Swift moved to Nashville at the age of fourteen. As part of her artist development deal with RCA Records, she had writing sessions with experienced Music Row songwriters such as Troy Verges, Brett Beavers, Brett James, Mac McAnally and The Warren Brothers.[30][31] She eventually formed a lasting working relationship with Liz Rose. Swift saw Rose performing at an RCA songwriter event and suggested that they write together.[32] They began meeting for two-hour writing sessions every Tuesday afternoon after school.[33] Rose has said that the sessions were "some of the easiest I've ever done. Basically, I was just her editor. She'd write about what happened in school that day. She had such a clear vision of what she was trying to say. And she'd come in with the most incredible hooks".[34] Swift also began recording demos with producer Nathan Chapman.[32] After performing at a BMI Songwriter's Circle showcase at The Bitter End, New York,[31] Swift became the youngest songwriter ever hired by the Sony/ATV Tree publishing house.[35] Swift left RCA Records when she was fifteen; the company wanted her to record the work of other songwriters and wait until she was eighteen to release an album, but she felt ready to launch her career with her own material.[18][36] She also parted ways with manager Dan Dymtrow, who later took legal action against Swift and her parents.[24] "'I genuinely felt that I was running out of time," Swift later recalled. "I wanted to capture these years of my life on an album while they still represented what I was going through."[37] At an industry showcase at Nashville's Bluebird Cafe in 2005, Swift caught the attention of Scott Borchetta, a DreamWorks Records executive who was preparing to form his own independent record label, Big Machine Records. She became one of the label's first signings, with her father purchasing a three per cent stake in the fledgling company at an estimated cost of $120,000.[38][39] As an introduction to the country music business, Borchetta arranged for Swift to intern as an artist escort at the CMA Music Festival.[40]

Taylor Swift sits and leans over her oak guitar while picking a string

Swift performing at the Maverick Saloon & Grill in Santa Maria, California in 2006
Swift began working on her eponymous debut album shortly after signing her record deal. After experimenting with veteran Nashville producers, Swift persuaded Big Machine to hire her demo producer Nathan Chapman. It was his first time to record a studio album but Swift felt they had the right "chemistry".[18] Swift wrote three of the album's songs alone, including two singles, and co-wrote the remaining eight with writers such as Liz Rose, Robert Ellis Orrall and Angelo Petraglia.[41] Musically, the album has been described as "a mix of trad-country instruments and spry rock guitars".[42] Taylor Swift was released in October 2006. The New York Times described it as "a small masterpiece of pop-minded country, both wide-eyed and cynical, held together by Ms. Swift's firm, pleading voice."[43] The New Yorker's Sasha Frere-Jones described the sixteen-year-old Swift as a "prodigy". He noted that "Our Song" "stop[ed] me in my tracks" and praised the lyrics: "He's got a one-hand feel on the steering wheel, the other on my heart".[44] Rolling Stone described Swift as "bright-eyed but remarkably seasoned", and admired "Our Song"'s "insanely hooky sing-song melody that's as Britney as it is Patsy".[42]

Taylor Swift, wearing a white dress and sunglasses, plays an acoustic guitar while standing at a microphone stand

Swift performing at Yahoo! HQ in Sunnyvale, California in 2007
Big Machine Records was still in its infancy upon the release of the lead single "Tim McGraw" in June 2006, and Swift and her mother helped "stuff the CD singles into envelopes to send to radio".[45] She spent much of 2006 promoting Taylor Swift in a radio tour and later commented, "Radio tours for most artists last six weeks. Mine lasted six months."[18] Swift baked cookies and painted canvases to gift to radio station programmers who played her music.[46] She made many television appearances, including on the Grand Ole Opry,[47] Good Morning America,[48] and TRL.[49] Swift, a self-described "kid of the internet", used Myspace to build a fanbase.[50] This was, at the time, "revolutionary in country music".[51] Borchetta has said that his decision to sign a sixteen-year-old singer-songwriter initially raised eyebrows among his record industry peers but Swift tapped into a previously unknown market: teenage girls who listen to country music.[51] Following "Tim McGraw", four further singles were released throughout 2007 and 2008: "Teardrops on My Guitar", "Our Song", "Picture to Burn" and "Should've Said No". All were highly successful on the Billboard Hot Country Songs chart, with "Our Song" and "Should've Said No" both reaching number one. "Our Song" made Swift the youngest person to single-handedly write and sing a number one country song.[52] "Teardrops on My Guitar" became a minor pop hit; it reached number thirteen on the Billboard Hot 100.[53] The album sold 39,000 copies during its first week of release[54] and, as of March 2011, has sold over 5.5 million copies worldwide.[55] Swift also released a holiday album, Sounds of the Season: The Taylor Swift Holiday Collection, in October 2007 and an EP, Beautiful Eyes, in July 2008.[56][57]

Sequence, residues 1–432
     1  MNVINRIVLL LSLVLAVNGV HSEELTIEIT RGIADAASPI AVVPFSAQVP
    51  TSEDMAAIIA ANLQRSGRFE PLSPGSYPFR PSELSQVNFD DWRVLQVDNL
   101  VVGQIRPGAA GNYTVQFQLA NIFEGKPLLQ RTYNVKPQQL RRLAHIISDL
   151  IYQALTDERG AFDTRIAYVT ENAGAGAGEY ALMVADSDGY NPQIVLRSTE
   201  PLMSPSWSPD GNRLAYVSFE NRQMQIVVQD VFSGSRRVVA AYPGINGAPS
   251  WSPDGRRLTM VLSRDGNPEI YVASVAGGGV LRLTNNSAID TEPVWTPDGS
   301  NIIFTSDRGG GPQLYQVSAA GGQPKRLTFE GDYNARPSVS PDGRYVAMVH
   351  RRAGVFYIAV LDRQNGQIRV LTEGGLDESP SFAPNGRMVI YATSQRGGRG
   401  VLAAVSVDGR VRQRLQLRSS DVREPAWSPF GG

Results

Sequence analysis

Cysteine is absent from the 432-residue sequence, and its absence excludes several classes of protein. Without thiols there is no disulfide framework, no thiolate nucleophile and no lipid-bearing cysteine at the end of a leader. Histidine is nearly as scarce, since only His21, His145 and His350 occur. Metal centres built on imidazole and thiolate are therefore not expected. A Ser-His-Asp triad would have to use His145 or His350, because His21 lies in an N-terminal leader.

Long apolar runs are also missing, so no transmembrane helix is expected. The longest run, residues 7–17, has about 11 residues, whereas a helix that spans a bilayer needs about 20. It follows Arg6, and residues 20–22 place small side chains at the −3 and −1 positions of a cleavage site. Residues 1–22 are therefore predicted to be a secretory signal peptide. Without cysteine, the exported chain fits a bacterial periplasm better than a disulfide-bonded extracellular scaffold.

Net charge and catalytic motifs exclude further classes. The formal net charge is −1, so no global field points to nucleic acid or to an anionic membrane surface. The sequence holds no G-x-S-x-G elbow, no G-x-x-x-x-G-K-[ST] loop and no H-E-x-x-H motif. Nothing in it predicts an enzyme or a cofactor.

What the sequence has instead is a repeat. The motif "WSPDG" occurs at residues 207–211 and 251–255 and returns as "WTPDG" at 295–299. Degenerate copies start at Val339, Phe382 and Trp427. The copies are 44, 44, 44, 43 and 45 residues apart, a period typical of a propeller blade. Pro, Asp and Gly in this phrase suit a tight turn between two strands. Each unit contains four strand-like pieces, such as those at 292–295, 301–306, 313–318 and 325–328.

Swift toured extensively in support of Taylor Swift. In addition to her own material, Swift played covers of songs by Beyoncé, Rihanna, John Waite, Lynyrd Skynyrd and Eminem.[58][59][60] She conducted meet-and-greet sessions with fans before and after her concerts; these lasted for up to four hours.[61] As well as festival and theater dates, Swift performed as an opening act for several country artists' concert tours. In late 2006, she opened for Rascal Flatts on the final nine dates of their Me & My Gang Tour, after the previous supporting act Eric Church was fired.[48] Swift later sent Church her first gold record with a note: "Thanks for playing 'too long' and 'too loud' on the Flatts tour. I sincerely appreciate it. Taylor".[62] In 2007, she served as the opening act on twenty dates for George Strait's tour,[63] several dates on Kenny Chesney's Flip-Flop Summer Tour,[64] selected dates on Brad Paisley's Bonfires & Amplifiers Tour[65] and several dates for Tim McGraw and Faith Hill's joint Soul2Soul II Tour.[66] Swift again opened for Rascal Flatts on their Still Feels Good Tour in 2008.[67] Swift and Alan Jackson were jointly named the Nashville Songwriters Association's Songwriter/Artist of the Year in 2007, with Swift becoming the youngest person ever to be honored with the title.[68] She also won the Country Music Association's Horizon Award for Best New Artist,[69] the Academy of Country Music Awards's Top New Female Vocalist award[70] and the American Music Awards's Favorite Country Female Artist honor.[71] She was also nominated for a 2008 Grammy Award in the category of Best New Artist, but lost to Amy Winehouse.[72]

Similar Styles

Love this look? Get more styling ideas

Continue
×
About